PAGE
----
Jason Holt defends the reader’s freedom of interpretation against both intentionalism and constructivism, developing a version of the death-of-the-author thesis (DOA) on which all that is required for interpretation is a mere “presumption of intent.” But he points out that even if we accept DOA, another source of repression looms: linguistic and literary conventions. According to Holt, the DOA advocate should admit that intended and conventional meaning entail interpretive closure, but deny that they limit the reader’s freedom to determine “aesthetic meaning,” which varies from reader to reader. Holt’s article provides a useful overview of the issues surrounding DOA, and he makes a good case that by itself, DOA is insufficient to liberate readers in the way envisioned by Barthes and Foucault. Intentionalists could, however, accept Holt’s conclusions without giving up their own. Irwin, for example, following Hirsch in distinguishing between meaning (determined by intentions and conventions) and significance (interpretations relevant to the reader), could simply classify Holt’s aesthetic meaning in the latter category. Holt’s real point is the insistence that we have no good reason to privilege intended or conventional meaning over the reader’s personal interpretation; but this conclusion – so contrary to our actual interpretive practice – requires more defense than Holt provides.

Dan Weberman’s superbly lucid reconstruction of Gadamer’s textual hermeneutics offers a middle position between intentionalists like Irwin and anti-intentionalists like Holt. Weberman details six reasons that Gadamer rejects the identification of textual meaning with the author’s intended meaning, for example that there is both more and less in the text than the author intended, and that our interest in a text is “to discover truths about the world and ourselves,” not what the author thinks. Weberman argues, however, that Gadamer still finds authorial intention relevant in two ways: first, trying to understand a text as created with a single purpose is a useful heuristic for making sense of it as a coherent whole; and second, the author’s intention provides a narrow “regulative constraint” that helps guard against blatant misunderstandings. Weberman’s reconstruction of Gadamer (leaving aside the question of accuracy, which I cannot judge) presents a concisely articulated set of arguments that intentionalists and anti-intentionalists need to address, while at the same time carving out a more plausible position than either extreme. And although Weberman does not take up the issue of author constructs, his development of Gadamer’s ideas resembles in no small measure the considerations that Nehamas brings to bear in arguing for his postulated author. For students interested in the relationship between intention and author constructs, the connections between these views promise a fruitful line of investigation.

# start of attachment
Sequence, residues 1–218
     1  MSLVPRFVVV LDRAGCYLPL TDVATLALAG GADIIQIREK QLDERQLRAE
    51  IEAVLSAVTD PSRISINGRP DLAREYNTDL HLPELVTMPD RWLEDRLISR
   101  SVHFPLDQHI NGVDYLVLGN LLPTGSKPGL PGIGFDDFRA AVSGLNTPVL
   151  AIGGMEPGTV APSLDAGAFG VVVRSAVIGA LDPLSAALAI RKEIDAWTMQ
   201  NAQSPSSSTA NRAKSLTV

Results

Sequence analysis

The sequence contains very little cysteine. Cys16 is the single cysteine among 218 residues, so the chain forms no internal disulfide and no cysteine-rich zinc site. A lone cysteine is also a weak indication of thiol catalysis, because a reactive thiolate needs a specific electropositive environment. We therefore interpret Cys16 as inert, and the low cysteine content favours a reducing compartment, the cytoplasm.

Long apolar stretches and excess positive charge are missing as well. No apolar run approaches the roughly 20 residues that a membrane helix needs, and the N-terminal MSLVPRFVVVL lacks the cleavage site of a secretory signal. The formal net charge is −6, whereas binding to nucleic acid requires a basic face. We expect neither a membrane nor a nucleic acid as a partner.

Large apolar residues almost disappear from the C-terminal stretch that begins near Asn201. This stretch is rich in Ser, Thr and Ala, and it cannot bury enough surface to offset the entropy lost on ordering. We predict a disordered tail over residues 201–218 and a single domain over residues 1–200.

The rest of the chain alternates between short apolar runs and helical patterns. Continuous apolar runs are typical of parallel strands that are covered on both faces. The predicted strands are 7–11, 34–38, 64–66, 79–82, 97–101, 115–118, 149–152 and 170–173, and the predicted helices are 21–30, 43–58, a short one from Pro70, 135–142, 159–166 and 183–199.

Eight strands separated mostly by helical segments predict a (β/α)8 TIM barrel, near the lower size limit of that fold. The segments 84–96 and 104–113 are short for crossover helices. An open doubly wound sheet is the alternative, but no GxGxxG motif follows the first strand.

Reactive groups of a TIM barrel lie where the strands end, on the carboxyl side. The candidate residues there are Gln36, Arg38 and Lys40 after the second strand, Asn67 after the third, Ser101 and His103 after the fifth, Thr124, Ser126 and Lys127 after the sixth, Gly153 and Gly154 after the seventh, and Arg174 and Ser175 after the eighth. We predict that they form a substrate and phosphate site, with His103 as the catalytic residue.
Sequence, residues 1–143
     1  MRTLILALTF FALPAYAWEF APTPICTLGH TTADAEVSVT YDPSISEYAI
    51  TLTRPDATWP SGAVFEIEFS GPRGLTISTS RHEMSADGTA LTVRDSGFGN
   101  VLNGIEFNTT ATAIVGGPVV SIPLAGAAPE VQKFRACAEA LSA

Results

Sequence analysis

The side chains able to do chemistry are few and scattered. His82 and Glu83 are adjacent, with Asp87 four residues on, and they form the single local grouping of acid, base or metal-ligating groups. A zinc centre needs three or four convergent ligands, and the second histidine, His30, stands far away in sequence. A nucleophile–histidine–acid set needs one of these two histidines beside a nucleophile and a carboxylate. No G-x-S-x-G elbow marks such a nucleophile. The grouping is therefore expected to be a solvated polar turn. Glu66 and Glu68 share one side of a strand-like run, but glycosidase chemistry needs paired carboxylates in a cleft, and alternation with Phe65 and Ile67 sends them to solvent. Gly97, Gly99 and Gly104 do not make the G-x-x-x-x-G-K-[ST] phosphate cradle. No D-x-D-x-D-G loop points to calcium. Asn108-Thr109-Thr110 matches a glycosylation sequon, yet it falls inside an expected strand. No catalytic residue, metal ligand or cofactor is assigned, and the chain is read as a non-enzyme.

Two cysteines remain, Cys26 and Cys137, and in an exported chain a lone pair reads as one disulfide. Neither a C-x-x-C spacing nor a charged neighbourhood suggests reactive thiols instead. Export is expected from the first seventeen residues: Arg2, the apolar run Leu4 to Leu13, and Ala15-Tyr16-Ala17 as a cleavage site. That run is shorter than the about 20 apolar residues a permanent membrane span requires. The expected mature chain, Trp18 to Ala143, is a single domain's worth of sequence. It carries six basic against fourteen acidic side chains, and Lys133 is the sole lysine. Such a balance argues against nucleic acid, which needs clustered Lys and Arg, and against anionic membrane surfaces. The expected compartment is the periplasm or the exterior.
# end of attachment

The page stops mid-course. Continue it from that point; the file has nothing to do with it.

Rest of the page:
Eric Bronson’s engaging essay, the last in the volume, explains why Cervantes’s Don Quixote complicates certain assumptions made by the preceding papers. Cervantes multiplies author-figures within the text, at the same time undermining their authority through irony and self-deprecating humor. It might appear, therefore, that he is making an argument against reliance on authorial intention; but appearances can be deceiving. The fact that Cervantes took pains to defend the authenticity of his text against a faked version of Don Quixote indicates, Bronson persuasively argues, that he does care about authorial intention after all. “The author, Cervantes tells us, is not reliable, and this should affect the way the reader reads the text. By disguising authors, Cervantes does not disguise his intentions; on the contrary, he reveals them.” Cervantes’s intention, according to Bronson, was precisely to promote multiple interpretations. I found Bronson’s focus on a particular case study salutary. Debates over authorial intention sometimes seem to take place several levels of abstraction away from the authors and works that motivate them. And this particular example is especially useful, not only because Cervantes’s method highlights the possibility that authors may intend to encourage the proliferation of meaning, but also because we cannot explain away his method by attributing it to specifically postmodern concerns. I suspect that most authors of literary works share Cervantes’s desire that readers engage with their texts in multifarious ways. If that is right, it looks as though intentionalists and anti-intentionalists might be closer together than many have thought.

Whatever conclusions they draw, readers with sufficient background to engage with the essays in this thought-provoking collection will certainly come away deeper insight into the issues raised by authorial intention and author constructs.


2003 © Stacie Friend

more Meetings

11/16/2016 » 11/19/2016
ASA 74th Annual Meeting

4/5/2017 » 4/8/2017
Ethics and Aesthetics of Stand-Up Comedy

Featured Members
Emily BradyASA Trustee for 2015-2018
A.W. (Anne) EatonASA Trustee for 2015-2018 & Chair, Diversity Committee

Membership Software Powered by®  ::  Legal